Benchmarking progress is essential to a successful transition. The World Economic Forum’s Energy Transition Index, which ranks 115 economies on how well they balance energy security and access with environmental sustainability and affordability, shows that the biggest challenge facing energy transition is the lack of readiness among the world’s largest emitters, including US, China, India and Russia. The 10 countries that score the highest in terms of readiness account for only 2.6% of global annual emissions.

To future-proof the global energy system, the Forum’s Shaping the Future of Energy and Materials Platform is working on initiatives including, Systemic Efficiency, Innovation and Clean Energy and the Global Battery Alliance to encourage and enable innovative energy investments, technologies and solutions.

Additionally, the Mission Possible Platform (MPP) is working to assemble public and private partners to further the industry transition to set heavy industry and mobility sectors on the pathway towards net-zero emissions. MPP is an initiative created by the World Economic Forum and the Energy Transitions Commission.

Is your organisation interested in working with the World Economic Forum? Find out more here.

The growth of geothermal generation stalled in 2020, dropping behind progress in previous years. And only China added new concentrated solar power (CSP) capacity in 2020. CSP uses mirrors or lenses to concentrate sunlight to provide heat for generation.

However, the pandemic has proved an opportunity for some nations to increase their total renewable generation, with global renewable capacity growing by 46% from 2019 to 2020, setting a record for the rate of expansion.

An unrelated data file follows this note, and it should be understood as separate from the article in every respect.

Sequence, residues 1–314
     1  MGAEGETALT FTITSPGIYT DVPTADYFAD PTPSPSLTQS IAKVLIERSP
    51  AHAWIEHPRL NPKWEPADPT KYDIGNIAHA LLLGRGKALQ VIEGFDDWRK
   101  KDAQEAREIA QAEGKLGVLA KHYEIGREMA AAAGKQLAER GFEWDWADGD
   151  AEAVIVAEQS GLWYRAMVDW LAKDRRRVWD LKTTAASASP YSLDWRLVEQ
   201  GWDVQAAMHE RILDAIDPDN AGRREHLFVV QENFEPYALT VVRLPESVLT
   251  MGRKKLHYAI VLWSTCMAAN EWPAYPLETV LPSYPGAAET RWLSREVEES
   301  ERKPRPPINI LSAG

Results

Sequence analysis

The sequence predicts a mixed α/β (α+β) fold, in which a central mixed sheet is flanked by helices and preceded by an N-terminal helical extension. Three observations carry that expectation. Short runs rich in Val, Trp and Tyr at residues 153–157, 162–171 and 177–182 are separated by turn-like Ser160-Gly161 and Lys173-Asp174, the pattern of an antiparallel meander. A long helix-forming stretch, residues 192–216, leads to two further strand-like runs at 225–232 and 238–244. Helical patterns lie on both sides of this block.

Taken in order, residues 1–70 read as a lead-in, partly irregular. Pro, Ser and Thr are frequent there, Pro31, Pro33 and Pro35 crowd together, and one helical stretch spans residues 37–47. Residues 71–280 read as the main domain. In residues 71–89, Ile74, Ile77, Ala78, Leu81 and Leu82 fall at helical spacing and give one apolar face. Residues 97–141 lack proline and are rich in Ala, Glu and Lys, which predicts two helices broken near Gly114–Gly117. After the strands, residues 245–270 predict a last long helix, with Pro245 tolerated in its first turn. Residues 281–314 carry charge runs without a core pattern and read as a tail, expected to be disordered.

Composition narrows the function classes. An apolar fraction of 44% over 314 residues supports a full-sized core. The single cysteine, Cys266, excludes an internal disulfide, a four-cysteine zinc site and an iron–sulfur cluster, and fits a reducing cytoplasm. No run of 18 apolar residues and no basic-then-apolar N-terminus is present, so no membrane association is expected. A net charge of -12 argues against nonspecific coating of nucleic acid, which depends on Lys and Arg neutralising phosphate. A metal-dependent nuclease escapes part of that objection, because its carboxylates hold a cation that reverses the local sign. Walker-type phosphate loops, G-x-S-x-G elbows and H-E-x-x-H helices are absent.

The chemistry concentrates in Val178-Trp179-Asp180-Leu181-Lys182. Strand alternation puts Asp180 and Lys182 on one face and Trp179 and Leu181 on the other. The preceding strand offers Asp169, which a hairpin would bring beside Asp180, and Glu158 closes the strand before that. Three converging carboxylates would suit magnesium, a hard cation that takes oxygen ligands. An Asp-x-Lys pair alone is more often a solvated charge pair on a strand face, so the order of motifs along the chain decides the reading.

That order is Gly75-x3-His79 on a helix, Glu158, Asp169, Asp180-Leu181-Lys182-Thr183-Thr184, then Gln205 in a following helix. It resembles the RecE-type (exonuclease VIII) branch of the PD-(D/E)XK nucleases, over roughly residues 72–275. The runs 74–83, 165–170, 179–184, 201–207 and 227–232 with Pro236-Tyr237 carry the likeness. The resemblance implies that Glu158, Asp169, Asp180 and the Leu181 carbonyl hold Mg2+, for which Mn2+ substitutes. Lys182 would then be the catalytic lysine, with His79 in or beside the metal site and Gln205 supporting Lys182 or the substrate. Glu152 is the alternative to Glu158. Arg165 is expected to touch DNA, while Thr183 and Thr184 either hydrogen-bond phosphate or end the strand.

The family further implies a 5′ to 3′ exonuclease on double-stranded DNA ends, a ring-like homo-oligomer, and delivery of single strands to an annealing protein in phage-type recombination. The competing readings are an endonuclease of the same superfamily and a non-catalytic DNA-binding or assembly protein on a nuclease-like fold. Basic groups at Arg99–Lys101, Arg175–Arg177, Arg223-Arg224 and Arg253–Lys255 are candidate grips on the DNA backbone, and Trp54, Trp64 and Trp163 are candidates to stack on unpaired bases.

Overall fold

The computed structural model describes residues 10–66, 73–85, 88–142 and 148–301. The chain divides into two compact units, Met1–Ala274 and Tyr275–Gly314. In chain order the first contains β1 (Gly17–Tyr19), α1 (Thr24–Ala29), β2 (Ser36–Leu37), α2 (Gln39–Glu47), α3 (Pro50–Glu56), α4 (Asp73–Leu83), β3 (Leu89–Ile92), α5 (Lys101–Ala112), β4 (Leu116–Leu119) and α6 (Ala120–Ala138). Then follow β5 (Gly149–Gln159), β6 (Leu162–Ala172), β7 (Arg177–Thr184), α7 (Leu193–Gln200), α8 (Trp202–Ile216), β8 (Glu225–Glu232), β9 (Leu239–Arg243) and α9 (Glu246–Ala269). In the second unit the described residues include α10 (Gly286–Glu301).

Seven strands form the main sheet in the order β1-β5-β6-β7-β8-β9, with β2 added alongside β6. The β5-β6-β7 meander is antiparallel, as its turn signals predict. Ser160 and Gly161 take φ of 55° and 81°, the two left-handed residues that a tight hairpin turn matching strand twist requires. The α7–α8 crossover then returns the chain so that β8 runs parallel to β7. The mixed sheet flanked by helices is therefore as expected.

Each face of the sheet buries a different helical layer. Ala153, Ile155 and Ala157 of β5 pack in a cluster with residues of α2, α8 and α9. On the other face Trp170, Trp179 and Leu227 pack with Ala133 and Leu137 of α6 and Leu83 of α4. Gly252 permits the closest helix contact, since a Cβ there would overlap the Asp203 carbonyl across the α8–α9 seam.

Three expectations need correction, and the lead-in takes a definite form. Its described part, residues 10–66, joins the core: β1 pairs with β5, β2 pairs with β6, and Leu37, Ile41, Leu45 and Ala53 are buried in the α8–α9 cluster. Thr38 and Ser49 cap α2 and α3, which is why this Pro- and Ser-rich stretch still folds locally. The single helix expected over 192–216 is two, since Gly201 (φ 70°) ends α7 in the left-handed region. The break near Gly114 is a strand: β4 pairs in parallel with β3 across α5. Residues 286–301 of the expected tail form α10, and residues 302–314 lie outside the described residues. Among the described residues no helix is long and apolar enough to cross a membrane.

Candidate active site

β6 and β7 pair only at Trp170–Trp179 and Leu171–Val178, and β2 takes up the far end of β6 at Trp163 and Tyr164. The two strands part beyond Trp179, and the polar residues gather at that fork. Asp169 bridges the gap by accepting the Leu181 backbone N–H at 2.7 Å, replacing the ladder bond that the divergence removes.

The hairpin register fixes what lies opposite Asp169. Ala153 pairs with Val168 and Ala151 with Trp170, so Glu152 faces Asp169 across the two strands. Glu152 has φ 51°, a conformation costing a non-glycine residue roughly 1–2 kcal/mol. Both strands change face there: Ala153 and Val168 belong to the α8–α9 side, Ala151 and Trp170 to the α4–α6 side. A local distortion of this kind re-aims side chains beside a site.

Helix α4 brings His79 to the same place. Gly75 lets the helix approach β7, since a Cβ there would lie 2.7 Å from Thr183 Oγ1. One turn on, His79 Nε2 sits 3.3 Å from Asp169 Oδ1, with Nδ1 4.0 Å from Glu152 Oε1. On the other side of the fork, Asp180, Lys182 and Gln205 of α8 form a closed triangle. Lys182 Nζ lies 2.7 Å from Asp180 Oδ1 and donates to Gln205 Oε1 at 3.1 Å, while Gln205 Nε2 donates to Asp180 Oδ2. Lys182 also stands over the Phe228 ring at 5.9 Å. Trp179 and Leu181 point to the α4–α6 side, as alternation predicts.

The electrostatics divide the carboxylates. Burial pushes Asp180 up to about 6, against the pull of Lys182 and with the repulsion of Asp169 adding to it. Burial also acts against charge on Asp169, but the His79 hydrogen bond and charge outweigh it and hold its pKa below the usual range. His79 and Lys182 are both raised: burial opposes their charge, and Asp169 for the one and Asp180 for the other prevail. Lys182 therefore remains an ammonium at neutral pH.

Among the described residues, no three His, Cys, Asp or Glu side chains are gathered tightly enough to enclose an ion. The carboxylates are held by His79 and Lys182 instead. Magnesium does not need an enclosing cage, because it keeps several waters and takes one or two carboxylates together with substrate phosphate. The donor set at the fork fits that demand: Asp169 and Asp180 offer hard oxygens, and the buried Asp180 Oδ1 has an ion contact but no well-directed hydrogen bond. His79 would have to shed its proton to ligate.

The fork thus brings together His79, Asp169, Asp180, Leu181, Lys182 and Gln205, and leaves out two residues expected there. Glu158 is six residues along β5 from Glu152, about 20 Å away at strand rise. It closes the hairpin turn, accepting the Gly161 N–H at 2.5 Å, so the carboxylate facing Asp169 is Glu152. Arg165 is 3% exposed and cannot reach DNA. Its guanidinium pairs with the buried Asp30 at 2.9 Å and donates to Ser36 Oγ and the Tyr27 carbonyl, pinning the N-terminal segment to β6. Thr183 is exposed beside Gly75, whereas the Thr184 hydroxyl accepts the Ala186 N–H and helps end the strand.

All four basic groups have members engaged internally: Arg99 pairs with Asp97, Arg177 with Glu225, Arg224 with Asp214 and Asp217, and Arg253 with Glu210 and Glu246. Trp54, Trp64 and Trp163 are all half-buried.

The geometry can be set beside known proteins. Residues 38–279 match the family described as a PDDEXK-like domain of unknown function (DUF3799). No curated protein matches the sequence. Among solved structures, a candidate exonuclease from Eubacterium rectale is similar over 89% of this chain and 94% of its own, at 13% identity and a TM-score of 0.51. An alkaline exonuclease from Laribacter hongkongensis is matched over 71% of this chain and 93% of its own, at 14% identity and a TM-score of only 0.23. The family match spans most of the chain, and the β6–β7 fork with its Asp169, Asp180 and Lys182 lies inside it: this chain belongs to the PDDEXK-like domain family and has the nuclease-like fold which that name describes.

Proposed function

In particular, the IEA notes there was a 192% increase in wind-generating capacity in 2020 and solar energy installations grew by a quarter over the year. Government deadlines for new capacity in China, the US and Viet Nam helped accelerate the roll-out in those countries.

Building back renewably

The agency calls on nations to devote a higher proportion of their COVID-19 economic stimulus packages to renewable energy, saying it will create jobs and economic development while reducing emissions and encouraging innovation.

The increasing competitiveness of renewable energy provides an opportunity for governments to move faster. But the IEA says existing renewable generators, like hydro power, must not be left behind and must become more efficient.

Connectivity to the power grid is key to stimulating new renewable projects, the agency adds. But it says just encouraging homes and businesses to install their own renewable power sources can have an adverse effect on the overall energy supply if it’s not managed properly.

Governments must consider the needs of all sectors of their economies, says the IEA. “For example, the success of electric vehicle deployment will depend critically on the strengthening of electricity distribution networks and smart charging systems at the local level,” its report states.

The World Economic Forum’s Fostering Effective Energy Transition 2021 report, said that despite “transformative changes across the energy system” clear challenges remained. After a brief drop in emissions during the pandemic, global emissions had rebounded.

“As we head deeper into the decade of action – during which we must accelerate progress towards transition and halve emissions by 2030 to remain on track to meet the 1.5C Paris Agreement goal – we cannot afford to lose momentum or, worse, go into reverse,” it said.